The Cary Institute of Ecosystem Studies is a non-profit research institute located in Millbrook, NY housing over 100 scientists and support staff. One of their work units, the Hubbard Brook Ecosystem Study, is assigned to the USDA Forest Service field laboratory at the Hubbard Brook Experimental Forest (HBEF) in N. Woodstock, New Hampshire. Don Buso, Manager of Field Research working in close conjunction with US Forest Service personnel, is responsible for the longest running small watershed ecosystem monitoring study in North America (50 years!). The HBEF has been set aside for research on all aspects of ecological study including ground-breaking work on forestry, water quality, and migratory birds. This is the site where Acid Rain was first identified as an environmental problem and the data from this relatively remote site has been used extensively to formulate national legislative direction regarding environmental pollution, such as the Clean Air Act Amendments of 1990.
Given the increasing loading and retention of carbon in the earth's atmosphere, and resulting changes in global climate, it is critical to understand the sources and sinks of carbon in terrestrial ecosystems. In 2001 we conducted a chemical survey of the entire 3000 ha HBEF valley to map dissolved organic carbon (DOC) concentrations in streamwater. This unique study of sample sites at 100m intervals revealed that DOC could vary between sample sites on the same stream as much as between separate streams (Likens and Buso: Biogeochemistry 2006). However, the huge amount of work needed to collect and process DOC samples at even finer scales precluded an even more intense survey. The AquaFluor looked like the perfect instrument to provide field data for estimates of DOC concentrations at any necessary scale, interval, location in the forest.
We set our AquaFluor (with a CDOM channel) to read 1000 Relative Fluorescense Units (RFUs) with the secondary standard and took measurements in 2 HBEF watersheds, W3 and W9 (see inset boxes on map above), but at intervals of 50m or less (using GPS). We used a small syringe to obtain the sample from the stream and rinsed the sample cuvette once before filling and reading the AquaFluor. We checked the secondary standard every 10 measurements (it varied by about 2% over 8 hours). To calibrate theAquaFluor, we took about 20 samples from each stream for later DOC analysis (filtered and run on a Shimadzu 5000A TOC detector). The AquaFluor behaved in a highly predictable manner with a highly correlated curvelinear function (r-sq 0.85 or better) between the in-situ RFU measurements and the laboratory DOCs (see chart on right). There was some 'quenching' of RFU sensitivity in highly colored waters, but that was expected from the information in the manual.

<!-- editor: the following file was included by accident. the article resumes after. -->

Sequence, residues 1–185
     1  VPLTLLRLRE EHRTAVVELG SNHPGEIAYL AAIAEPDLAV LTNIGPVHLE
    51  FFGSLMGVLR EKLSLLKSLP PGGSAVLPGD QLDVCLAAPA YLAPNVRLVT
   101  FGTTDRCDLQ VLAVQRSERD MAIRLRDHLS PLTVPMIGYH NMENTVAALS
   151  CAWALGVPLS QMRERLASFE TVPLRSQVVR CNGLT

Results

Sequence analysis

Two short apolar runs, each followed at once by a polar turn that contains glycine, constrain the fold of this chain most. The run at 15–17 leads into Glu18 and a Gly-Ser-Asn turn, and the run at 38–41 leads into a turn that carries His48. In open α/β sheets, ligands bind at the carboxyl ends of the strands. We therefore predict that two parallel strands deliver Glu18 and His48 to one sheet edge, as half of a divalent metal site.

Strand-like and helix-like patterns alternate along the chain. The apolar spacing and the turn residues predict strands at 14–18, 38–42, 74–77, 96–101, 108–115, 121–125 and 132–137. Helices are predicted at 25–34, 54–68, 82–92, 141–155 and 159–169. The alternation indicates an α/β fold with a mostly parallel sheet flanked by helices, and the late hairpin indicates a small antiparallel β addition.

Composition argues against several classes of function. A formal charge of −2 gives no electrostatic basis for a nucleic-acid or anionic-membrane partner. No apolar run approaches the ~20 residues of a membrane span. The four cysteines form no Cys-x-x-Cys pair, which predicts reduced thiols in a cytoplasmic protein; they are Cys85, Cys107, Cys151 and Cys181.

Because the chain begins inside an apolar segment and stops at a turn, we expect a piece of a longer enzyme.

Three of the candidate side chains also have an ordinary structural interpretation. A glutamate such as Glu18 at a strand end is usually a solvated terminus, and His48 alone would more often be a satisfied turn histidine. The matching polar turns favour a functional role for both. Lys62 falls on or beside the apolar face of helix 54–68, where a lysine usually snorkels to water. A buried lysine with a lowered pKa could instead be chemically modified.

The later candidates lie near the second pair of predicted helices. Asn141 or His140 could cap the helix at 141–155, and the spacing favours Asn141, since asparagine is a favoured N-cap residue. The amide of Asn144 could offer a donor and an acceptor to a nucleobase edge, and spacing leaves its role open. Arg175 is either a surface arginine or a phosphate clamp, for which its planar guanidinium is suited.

Using the AquaFluor, we were able to survey streamwater DOC in each watershed at less than 50m intervals with 2 people in just two 8-hour days, an impossible feat with the standard sample-bottle approach. And, our laboratory was able to turn-around the small number of DOC calibration samples (~40) in just a few days, rather than weeks. Further, in the field we were able to track down a number of sub-watersheds to various DOC sources, such as small bogs and poorly drained conifer stands. Lastly, a second survey of W9, following torrential rains from Hurrican Irene demonstrated clearly that the RFU to DOC relationship had changed, strongly suggesting the quality of DOC depends on the degree of hydration of humic soils in the catchment.
Portability, simplicity and reliability. We made it a point to use this instrument in the simplest possible way to measure CDOM and it did a great job predicting DOC. On-the-fly field chemistry is simply the best way to understand aquatic ecosystems when in new and unfamiliar terrain and this is one instrument we do not go out in the woods without. Anyone can use it: we farmed the AquaFluor out to undergraduates working on summer projects, to graduate students working on Masters degrees, and even had our Water Quality technician's 8-yr old daughter use it to measure CDOM and demonstrate the results. The most difficult thing about using the AquaFluor is not being able to say 'yes' to all the researchers who wanted to try it out.
Author: Don Buso
Institution: Cary Institute of Ecosystem Studies, Millbrook, NY, USA